July 23, 2020, 7:30 pm - 9:00 pm
The Kennedy Center is shut down, but thanks to YouTube and Zoom, we can bring the theater experience to you! Click here to watch an actor reading of The Hairy Man, a play about a Jewish American immigrant during the Depression tackling issues of love, racism, anti-Semitism, and assimilation. Then, join us on Zoom to meet and talk with the playwright, Bryan Halperin. Conversation will be moderated by congregant Aryeh Portnoy, friend of the playwright.
The Hairy Man takes place in 1935, during the Great Depression. Lonely, imaginative 11-year-old Johanna “Jojo” Benton is play acting a story one evening in her family’s Kentucky barn when her solitude is interrupted by a stranger. A destitute wanderer with a long beard and curly hair, Jojo suspects he is the “Hairy Man” — a sinister trickster from a southern American folk tale her late father used to tell her — whom she thinks has come to take her away.
But the man is simply a poor Jewish immigrant, Abraham Goldstein, making his way to California to begin a new life. Jojo’s mother, Sarah, takes pity on the penniless, starving man and allows him to stay in the barn and work on the farm to earn money to continue his journey, despite the objections of her older son, Will, who is suspicious of this outsider, the first Jew they have ever met. As weeks pass, Jojo and Abraham discover a shared love of storytelling and create a theatre in the barn, while Sarah and Abraham learn they have more in common than they could ever have imagined.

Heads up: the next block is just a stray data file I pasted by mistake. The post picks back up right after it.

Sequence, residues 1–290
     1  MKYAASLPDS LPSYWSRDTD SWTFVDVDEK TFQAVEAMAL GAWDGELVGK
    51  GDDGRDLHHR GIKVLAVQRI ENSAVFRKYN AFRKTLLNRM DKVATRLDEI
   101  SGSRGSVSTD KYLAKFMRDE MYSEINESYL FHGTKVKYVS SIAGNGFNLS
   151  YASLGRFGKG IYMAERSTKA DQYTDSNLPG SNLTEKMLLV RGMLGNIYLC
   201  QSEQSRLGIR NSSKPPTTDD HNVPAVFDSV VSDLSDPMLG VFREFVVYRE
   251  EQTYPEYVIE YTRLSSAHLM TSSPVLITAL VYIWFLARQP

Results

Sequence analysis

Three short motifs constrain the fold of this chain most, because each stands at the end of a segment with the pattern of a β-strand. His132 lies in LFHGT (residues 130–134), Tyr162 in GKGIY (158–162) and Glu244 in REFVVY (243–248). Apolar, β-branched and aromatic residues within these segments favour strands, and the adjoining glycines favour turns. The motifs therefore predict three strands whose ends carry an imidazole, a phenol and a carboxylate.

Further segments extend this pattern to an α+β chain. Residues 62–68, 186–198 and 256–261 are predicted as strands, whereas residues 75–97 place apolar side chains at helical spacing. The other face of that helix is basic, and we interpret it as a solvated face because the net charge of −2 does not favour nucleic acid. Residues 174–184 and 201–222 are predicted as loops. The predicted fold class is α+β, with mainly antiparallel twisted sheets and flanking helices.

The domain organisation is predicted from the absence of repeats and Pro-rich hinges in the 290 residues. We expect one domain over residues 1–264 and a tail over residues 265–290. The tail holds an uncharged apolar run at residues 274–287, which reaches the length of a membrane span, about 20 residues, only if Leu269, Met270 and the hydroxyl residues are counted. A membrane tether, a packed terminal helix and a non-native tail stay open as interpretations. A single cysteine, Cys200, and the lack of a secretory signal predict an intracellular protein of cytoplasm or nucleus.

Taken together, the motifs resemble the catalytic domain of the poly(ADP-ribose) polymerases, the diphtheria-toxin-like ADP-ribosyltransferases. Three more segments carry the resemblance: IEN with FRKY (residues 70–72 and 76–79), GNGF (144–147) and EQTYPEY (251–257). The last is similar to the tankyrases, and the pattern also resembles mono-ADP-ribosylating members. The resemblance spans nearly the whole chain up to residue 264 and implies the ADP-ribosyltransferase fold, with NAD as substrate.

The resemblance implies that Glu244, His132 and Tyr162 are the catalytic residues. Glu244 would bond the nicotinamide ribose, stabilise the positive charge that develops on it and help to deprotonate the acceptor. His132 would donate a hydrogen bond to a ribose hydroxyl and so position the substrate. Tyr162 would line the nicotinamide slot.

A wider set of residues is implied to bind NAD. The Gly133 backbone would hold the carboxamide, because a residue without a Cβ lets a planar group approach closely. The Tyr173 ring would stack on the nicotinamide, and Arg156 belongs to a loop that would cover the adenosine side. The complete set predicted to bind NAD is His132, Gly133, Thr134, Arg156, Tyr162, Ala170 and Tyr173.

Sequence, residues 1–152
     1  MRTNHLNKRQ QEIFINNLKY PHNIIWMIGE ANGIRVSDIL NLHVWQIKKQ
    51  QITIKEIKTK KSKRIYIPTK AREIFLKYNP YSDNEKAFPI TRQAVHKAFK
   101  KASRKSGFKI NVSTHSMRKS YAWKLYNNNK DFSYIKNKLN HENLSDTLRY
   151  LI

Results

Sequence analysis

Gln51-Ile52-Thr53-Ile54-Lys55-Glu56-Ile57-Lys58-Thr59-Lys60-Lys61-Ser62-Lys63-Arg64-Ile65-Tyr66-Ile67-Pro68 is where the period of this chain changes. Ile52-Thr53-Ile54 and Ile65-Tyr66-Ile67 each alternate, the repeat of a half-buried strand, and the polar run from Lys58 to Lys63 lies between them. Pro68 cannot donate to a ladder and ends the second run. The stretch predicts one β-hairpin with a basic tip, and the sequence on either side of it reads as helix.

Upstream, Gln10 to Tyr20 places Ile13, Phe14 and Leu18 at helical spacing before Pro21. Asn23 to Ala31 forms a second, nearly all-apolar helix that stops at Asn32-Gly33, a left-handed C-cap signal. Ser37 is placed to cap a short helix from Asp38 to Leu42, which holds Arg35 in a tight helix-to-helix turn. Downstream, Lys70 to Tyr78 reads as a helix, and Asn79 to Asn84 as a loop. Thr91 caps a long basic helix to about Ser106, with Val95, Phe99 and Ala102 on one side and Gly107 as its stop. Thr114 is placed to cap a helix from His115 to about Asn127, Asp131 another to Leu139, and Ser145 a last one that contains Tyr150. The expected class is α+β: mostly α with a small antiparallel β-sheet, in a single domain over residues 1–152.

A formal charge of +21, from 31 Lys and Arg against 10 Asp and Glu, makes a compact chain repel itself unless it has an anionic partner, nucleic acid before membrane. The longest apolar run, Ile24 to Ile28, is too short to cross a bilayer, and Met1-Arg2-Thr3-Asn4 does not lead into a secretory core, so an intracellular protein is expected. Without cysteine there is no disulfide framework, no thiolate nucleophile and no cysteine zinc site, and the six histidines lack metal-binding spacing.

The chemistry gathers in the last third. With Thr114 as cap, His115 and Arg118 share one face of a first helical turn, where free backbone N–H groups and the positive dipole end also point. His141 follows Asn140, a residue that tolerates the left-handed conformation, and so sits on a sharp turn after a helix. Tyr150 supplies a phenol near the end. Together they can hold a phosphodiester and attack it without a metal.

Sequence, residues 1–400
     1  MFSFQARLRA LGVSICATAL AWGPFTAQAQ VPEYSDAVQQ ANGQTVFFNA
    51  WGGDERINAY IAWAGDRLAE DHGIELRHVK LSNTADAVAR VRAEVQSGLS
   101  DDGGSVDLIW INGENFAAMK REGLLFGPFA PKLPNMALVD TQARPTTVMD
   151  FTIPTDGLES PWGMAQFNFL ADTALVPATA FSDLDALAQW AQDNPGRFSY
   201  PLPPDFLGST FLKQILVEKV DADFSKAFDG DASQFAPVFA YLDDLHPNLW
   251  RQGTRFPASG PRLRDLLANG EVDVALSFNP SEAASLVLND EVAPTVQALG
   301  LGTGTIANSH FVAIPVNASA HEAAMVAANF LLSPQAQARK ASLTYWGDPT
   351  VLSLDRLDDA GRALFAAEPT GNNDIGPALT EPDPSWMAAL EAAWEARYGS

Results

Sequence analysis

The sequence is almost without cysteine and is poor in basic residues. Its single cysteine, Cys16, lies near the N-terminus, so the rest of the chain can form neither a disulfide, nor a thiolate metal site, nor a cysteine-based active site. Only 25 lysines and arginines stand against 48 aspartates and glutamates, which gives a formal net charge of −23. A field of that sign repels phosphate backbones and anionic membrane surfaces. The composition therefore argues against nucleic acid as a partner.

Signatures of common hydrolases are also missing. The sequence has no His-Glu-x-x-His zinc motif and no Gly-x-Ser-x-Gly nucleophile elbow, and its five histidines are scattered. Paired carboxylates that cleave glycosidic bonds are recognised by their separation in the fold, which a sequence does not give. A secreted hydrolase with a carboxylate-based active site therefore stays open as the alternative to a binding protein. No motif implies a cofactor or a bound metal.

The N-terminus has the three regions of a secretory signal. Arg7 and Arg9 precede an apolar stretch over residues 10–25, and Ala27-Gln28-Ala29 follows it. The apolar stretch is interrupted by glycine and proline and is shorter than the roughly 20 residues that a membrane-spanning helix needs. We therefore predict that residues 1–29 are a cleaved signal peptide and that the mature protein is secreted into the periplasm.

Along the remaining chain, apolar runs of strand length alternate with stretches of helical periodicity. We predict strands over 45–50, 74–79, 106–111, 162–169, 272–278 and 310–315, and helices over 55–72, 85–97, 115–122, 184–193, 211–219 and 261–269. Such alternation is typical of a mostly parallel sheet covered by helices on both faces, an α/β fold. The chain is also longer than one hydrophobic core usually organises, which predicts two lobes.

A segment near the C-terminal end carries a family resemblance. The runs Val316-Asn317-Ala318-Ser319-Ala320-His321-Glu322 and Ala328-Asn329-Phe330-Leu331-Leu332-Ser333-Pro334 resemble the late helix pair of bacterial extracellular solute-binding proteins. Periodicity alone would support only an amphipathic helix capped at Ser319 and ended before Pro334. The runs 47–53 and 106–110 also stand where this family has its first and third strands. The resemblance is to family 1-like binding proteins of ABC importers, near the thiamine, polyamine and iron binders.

Bryan Halperin is a co-founder of The Winnipesaukee Playhouse, where he served as executive director from 2004-2014. Bryan has written several plays and musicals to be performed for, or with, children and more recently began to write plays for adults. His play The Unicycle of Life was workshopped at the Playhouse in 2013 and was runner-up for best original play at the annual NH Theatre Awards. Since 2014 Bryan has become a freelance director and has devoted more time to writing. His play The Hairy Man won the 2019 Pestalozzi Prize at the New Works Festival of the Firehouse Center for the Arts. It was a semi-finalist for Premiere Stages Play Festival also in 2019. He also directs plays at the local middle school to stay involved in the community. As a director, Bryan has won 6 NH Theatre Awards and been runner up numerous other times.
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